This is the second report by the New Policy Institute about the state of ‘economic justice’ in Birmingham and the four local authority areas of Dudley, Sandwell, Walsall and  Wolverhampton that make up the Black Country. It sets out how different groups are experiencing economic wealth and opportunity, and the ongoing systemic and structural barriers faced by many in achieving financial resilience. Using data from a range of sources, it explores and highlights the extent to which economic prosperity is felt equally across the population. The research was supported by the Barrow Cadbury Trust, an independent charitable foundation with a long-standing connection to Birmingham and the Black Country.

As the UK’s second city, Birmingham – with the Black Country alongside it – fully merits sustained attention. Second cities like Lyon, Barcelona, Milan or Munich are centres of national economic strength. Birmingham and the Black Country were once that too.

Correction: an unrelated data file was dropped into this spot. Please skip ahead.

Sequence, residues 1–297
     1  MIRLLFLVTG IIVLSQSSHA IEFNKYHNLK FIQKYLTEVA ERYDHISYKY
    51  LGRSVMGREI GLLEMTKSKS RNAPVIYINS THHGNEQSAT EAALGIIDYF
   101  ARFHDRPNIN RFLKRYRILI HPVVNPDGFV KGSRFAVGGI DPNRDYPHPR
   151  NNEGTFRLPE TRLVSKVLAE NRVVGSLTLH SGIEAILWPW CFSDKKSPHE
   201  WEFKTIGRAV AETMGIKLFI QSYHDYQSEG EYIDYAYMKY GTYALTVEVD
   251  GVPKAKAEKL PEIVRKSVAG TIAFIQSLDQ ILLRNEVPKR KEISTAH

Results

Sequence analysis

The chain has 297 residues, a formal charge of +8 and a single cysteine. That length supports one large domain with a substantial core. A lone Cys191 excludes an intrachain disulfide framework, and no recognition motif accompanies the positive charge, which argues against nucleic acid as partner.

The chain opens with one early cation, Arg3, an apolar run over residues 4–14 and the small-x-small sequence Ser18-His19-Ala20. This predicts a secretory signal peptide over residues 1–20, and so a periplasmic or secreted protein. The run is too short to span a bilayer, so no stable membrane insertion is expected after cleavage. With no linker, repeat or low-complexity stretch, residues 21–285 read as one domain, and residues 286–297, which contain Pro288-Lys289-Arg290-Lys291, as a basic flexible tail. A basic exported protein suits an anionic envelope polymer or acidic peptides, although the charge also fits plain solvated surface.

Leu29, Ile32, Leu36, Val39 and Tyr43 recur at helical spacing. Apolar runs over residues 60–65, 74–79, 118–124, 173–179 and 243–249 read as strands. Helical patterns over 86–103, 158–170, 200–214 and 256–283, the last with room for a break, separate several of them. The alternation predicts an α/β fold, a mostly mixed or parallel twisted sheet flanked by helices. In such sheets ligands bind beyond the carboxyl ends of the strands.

Fifty years ago, economic output per head in the West Midlands was above the national average. Now it is one sixth below it. Most of the fall took place before the late 1990s. Since then, Birmingham’s economy has almost held its own in national terms, but the
Black Country’s has fallen further still. This economic weakness lies behind the high levels of poverty and deprivation documented in the first report. Presenting evidence of problems does not put them right but getting them recognised, both locally, regionally and nationally, is the first step towards doing so.

Click here to view the full report.